Battlefield 1, By the Numbers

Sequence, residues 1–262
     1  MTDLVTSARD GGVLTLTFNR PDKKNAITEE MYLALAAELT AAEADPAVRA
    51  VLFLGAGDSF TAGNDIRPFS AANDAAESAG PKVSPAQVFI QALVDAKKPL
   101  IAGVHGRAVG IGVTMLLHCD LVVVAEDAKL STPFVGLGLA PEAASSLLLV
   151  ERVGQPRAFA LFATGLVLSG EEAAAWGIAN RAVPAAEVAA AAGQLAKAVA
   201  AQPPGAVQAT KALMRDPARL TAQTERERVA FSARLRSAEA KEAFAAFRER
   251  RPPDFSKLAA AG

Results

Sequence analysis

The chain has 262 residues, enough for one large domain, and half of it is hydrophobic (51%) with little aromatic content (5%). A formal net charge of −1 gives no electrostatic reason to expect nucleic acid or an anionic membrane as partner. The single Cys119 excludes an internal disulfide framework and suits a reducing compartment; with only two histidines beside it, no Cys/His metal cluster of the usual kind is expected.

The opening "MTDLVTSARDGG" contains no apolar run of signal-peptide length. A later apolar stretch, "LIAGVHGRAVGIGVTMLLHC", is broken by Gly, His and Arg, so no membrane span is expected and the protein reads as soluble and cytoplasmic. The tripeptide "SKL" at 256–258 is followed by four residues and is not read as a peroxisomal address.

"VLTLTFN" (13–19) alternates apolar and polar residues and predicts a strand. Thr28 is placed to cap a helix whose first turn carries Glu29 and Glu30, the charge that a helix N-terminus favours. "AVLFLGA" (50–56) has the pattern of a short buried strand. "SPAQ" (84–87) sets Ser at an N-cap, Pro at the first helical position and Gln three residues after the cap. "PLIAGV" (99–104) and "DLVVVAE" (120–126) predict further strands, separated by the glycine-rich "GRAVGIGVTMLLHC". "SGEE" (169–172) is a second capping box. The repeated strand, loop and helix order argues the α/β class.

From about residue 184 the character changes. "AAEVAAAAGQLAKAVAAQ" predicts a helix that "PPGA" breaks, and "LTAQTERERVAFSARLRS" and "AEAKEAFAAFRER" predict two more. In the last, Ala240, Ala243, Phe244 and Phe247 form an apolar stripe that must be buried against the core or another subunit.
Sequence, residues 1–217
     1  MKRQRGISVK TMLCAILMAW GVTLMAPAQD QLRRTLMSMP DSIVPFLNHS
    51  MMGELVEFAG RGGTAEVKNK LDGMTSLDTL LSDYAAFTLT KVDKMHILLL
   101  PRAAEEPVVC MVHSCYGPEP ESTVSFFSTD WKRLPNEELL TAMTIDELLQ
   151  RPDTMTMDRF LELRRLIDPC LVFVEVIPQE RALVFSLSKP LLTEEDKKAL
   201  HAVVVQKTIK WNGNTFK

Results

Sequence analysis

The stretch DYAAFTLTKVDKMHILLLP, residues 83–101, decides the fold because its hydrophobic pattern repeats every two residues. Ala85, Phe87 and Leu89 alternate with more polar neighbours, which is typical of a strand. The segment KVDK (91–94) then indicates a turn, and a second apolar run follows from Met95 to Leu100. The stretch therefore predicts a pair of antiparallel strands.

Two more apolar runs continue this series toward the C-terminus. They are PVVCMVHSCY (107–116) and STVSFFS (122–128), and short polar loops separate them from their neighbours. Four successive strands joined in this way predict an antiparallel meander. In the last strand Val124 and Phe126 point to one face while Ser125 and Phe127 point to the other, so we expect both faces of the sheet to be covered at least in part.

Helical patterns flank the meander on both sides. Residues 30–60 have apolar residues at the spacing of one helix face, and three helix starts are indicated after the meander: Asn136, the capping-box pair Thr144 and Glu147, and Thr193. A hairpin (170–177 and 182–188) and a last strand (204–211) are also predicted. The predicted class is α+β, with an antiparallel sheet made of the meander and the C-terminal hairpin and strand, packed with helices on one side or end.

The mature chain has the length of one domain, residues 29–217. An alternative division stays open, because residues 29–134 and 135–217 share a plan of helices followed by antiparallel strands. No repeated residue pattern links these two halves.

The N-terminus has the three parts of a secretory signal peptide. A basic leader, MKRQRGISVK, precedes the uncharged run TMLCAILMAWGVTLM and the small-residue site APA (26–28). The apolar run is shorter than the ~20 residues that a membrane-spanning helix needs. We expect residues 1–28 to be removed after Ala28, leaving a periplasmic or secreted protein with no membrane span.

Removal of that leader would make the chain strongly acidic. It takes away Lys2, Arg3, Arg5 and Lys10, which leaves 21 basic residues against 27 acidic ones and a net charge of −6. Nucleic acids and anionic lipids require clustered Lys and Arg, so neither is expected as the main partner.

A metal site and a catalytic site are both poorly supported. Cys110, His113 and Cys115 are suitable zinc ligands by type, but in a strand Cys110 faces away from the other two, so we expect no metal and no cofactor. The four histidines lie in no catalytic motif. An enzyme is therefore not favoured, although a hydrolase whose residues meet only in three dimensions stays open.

Reid McCarter